Thursday, January 10, 2008

$3 Quadrillion or $100,000?

Brace yourself for a new round of shock headlines about greedy Katrina Victims:
Hurricane Katrina Victim Sues Army Corps of Engineers for $3 Quadrillion...or 53,700 Times More Than Bill Gates is Worth!

Perhaps some Americans feel that Uncle Sam is really a rich relative that they can impose upon for a ridiculously high handout in their time of need, though not even the legendary Scrooge McDuck of Disney fame would have a vault big enough to shell out the amount of cash that some Hurricane Katrina victims feel that they are due by our Federal Government or the U.S. Army Corps of Engineers to be more precise. It has been reported in USA Today, that among the nearly 1/2 million expected claims against the government in the hurricane's aftermath, there is a claim for $3 quadrillion, as well as one for $6 trillion.

It is sad enough that someone thinks that a government, your government I might add, would have the resources to pay a claim that is roughly equal to 250 times the Gross Domestic Product of the U.S. It is even sadder to think that a lawyer would have the audacity to fill out the claim on their behalf.

To get a feel for the magnitude of the number on such a "frivolous lawsuit" lets take a look at some comparison of what $3 quadrillion is roughly equals to.

$3 quadrillion would make instant billionaires out of 3 million Americans.

$3 quadrillion would make instant millionaires out of every American ten times over.

$3 quadrillion would make you 53,700 times richer than Bill Gates (estimated to be worth $56 billion by Forbes Magazine in 2007)

$3 quadrillion is 2 million times the value of the richest football franchise in America, Dallas Cowboys (valued at $1.5 billion dollars)

By Rolando Cruz, published Jan 09, 2008

Rolando Cruz goes to a great of effort to tell us abut the value of $3 quadrillion, but absolutely none telling about the amount of the average victim's claim. Neither does the AP's Michael Kunzelman:
Katrina's Victims Ask for Huge Checks

NEW ORLEANS -- Hurricane Katrina's victims have put a price tag on their suffering and it is staggering _ including one plaintiff seeking the unlikely sum of $3 quadrillion.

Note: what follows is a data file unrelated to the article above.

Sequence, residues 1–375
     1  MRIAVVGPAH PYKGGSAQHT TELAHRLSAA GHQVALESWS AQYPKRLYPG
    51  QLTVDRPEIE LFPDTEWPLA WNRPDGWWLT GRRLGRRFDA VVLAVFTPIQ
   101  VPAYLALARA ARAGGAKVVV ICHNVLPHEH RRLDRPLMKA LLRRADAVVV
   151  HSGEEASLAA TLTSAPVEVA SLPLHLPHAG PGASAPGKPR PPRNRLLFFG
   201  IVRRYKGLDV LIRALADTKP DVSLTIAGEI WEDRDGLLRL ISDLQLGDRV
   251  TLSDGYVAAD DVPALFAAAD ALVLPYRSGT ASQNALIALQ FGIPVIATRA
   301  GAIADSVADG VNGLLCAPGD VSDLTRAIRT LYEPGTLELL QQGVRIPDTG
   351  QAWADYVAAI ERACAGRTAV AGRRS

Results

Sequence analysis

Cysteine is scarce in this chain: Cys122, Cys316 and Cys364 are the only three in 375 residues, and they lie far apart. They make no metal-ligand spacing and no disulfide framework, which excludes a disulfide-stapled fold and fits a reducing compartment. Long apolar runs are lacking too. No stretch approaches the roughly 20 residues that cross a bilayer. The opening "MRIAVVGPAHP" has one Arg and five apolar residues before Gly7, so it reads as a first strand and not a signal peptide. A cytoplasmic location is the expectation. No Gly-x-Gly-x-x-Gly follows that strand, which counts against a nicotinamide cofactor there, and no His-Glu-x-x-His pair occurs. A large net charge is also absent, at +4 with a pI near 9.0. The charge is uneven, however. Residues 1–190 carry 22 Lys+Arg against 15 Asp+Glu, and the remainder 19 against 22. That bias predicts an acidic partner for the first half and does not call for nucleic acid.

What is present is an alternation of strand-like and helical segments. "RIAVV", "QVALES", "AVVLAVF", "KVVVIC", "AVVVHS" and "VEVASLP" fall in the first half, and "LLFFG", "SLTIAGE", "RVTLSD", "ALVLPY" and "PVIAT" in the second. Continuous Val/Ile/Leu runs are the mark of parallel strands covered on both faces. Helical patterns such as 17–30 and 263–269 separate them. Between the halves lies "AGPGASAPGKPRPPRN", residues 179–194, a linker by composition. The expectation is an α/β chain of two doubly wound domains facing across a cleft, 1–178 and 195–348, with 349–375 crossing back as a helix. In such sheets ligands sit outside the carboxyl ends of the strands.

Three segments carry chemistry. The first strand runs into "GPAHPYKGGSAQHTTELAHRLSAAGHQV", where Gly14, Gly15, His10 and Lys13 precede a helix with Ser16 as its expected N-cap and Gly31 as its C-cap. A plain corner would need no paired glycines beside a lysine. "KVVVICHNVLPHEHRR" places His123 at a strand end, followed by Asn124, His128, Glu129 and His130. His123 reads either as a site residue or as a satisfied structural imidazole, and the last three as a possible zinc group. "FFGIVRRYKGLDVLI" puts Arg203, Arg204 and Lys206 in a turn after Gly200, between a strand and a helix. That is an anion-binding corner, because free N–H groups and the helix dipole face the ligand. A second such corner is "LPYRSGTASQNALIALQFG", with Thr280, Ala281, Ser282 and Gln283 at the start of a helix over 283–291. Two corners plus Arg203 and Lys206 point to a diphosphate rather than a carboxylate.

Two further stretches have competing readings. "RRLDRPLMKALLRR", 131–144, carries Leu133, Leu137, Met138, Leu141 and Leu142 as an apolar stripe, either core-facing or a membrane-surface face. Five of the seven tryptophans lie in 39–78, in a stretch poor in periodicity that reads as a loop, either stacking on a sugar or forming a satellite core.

Of roughly 489,000 total claims, the U.S. Army Corps of Engineers said it has received 247 for at least $1 billion apiece, including the one for $3 quadrillion.

It's easy to find reports on staggering Katrina claims, but I couldn't find a single report on the value of the average claim. Finding the total amount of the Katrina claims would have made it possible to make an estimate, but I couldn't find that either. Instead of the blatant sensationalism, the AP and USA Today should tell us what the average victim is asking for, once you factor out the greedy, the insane, the greedily insane, and some that seem to be making some kind of political statement. My first thought was that average claim will probably turn out to be entirely reasonable; as Sandy Rosenthal points out:
The filings will force the U.S. Army Corps of Engineers to assess the damage and to come up with a dollar figure.

Also, the inclusion of a few inflated claims does not nullify the validity of the rest of the half-million.

Also, none of the national reporting mentioned a key point that Joe Bruno raised in a Picayune article:
"Government also requires that you put down a figure .¤.¤. although only a judge can determine value." he said. "But here's the deal: Whatever number you put down, you can never get one dollar more than that amount. To be safe and fair, we told folks they'd better put a larger number."

For that reason, Bruno said, the numbers on the claim forms have little to do with what he ultimately expects claimants to recover.

"My best estimate as to the worth of this case .¤.¤. the amount of uncompensated damages .¤.¤. is about $50 billion," he said.

If my math is correct, $50B divided by just under 500,000 is about $100,000.

As Ashley points out in the comments, median claim should be substituted for average claim. For more on this, see also New Orleans Ladder, First Draft and Oyster.


The average/mean would tell you little, in this case, with these huge outliers, the median would give a better understanding of the numbers.
Hey BSJohn, I had the same sentiments in yesterday's issue of the NO News Ladder
I tried to link your post in today's issue but the link kept breaking no matter how I tried to configure it, so no Moldy City on the Ladder. Shame that one, as I really enjoy your tight reportage.

cest levee,
I seem to recall the the City asked for several hundred billion and in many cases, if they win people will have to pay back insurance companies.
Just for the record I'm in for $500,000. It would pay the insurance back and leave me with a decent settlement.
You're right Ashley, I actually meant to clarify that but forgot about it. That's especially embarrassing considering how often I rant about the misleading use of numbers. I also meant to point out that a distinction should be made between business claims and personal claims, since concrete measurable losses for businesses would probably be much higher.

Thanks, for the compliment Bruce. I looked to see if any other NOLA bloggers had posted about it, but somehow missed you. Sorry.

One of this week's articles said that the city filed for $77B, Mominem, but I thought I remembered it being more than that.
I'm pretty sure the $77b was the figure I remember the City representative (can't remember who spoke in that particular case) using when the filing deadline rolled around. I also seem to remember him mentioning the same thing that Bruno mentioned--that any actual settlement figure would certainly be much lower than that, but that once you put down a number you were essentially "capped" at that figure no matter how many "unforeseen" costs might later pop up.
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